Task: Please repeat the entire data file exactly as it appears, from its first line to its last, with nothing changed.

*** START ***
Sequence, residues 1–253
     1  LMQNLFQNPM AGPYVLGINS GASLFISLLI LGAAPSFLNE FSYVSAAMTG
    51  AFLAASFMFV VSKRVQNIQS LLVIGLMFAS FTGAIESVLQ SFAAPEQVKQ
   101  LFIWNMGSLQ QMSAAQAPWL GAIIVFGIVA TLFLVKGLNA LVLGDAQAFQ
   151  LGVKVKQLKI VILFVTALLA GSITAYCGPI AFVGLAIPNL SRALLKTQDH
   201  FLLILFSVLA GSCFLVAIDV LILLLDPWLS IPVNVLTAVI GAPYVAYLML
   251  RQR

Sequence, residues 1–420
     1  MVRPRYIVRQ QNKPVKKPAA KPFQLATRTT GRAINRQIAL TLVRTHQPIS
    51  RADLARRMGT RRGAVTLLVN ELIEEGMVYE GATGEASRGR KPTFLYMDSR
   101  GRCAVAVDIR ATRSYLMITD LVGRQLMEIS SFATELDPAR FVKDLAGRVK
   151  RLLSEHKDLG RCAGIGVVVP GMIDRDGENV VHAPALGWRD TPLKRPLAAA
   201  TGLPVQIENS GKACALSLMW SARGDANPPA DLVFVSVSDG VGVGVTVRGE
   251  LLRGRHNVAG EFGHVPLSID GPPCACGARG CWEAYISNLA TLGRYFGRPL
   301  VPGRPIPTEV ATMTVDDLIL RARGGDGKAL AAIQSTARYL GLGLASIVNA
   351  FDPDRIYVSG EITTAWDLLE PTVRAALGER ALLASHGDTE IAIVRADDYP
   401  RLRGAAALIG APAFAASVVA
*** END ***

Sequence, residues 1–253
     1  LMQNLFQNPM AGPYVLGINS GASLFISLLI LGAAPSFLNE FSYVSAAMTG
    51  AFLAASFMFV VSKRVQNIQS LLVIGLMFAS FTGAIESVLQ SFAAPEQVKQ
   101  LFIWNMGSLQ QMSAAQAPWL GAIIVFGIVA TLFLVKGLNA LVLGDAQAFQ
   151  LGVKVKQLKI VILFVTALLA GSITAYCGPI AFVGLAIPNL SRALLKTQDH
   201  FLLILFSVLA GSCFLVAIDV LILLLDPWLS IPVNVLTAVI GAPYVAYLML
   251  RQR

Sequence, residues 1–420
     1  MVRPRYIVRQ QNKPVKKPAA KPFQLATRTT GRAINRQIAL TLVRTHQPIS
    51  RADLARRMGT RRGAVTLLVN ELIEEGMVYE GATGEASRGR KPTFLYMDSR
   101  GRCAVAVDIR ATRSYLMITD LVGRQLMEIS SFATELDPAR FVKDLAGRVK
   151  RLLSEHKDLG RCAGIGVVVP GMIDRDGENV VHAPALGWRD TPLKRPLAAA
   201  TGLPVQIENS GKACALSLMW SARGDANPPA DLVFVSVSDG VGVGVTVRGE
   251  LLRGRHNVAG EFGHVPLSID GPPCACGARG CWEAYISNLA TLGRYFGRPL
   301  VPGRPIPTEV ATMTVDDLIL RARGGDGKAL AAIQSTARYL GLGLASIVNA
   351  FDPDRIYVSG EITTAWDLLE PTVRAALGER ALLASHGDTE IAIVRADDYP
   401  RLRGAAALIG APAFAASVVA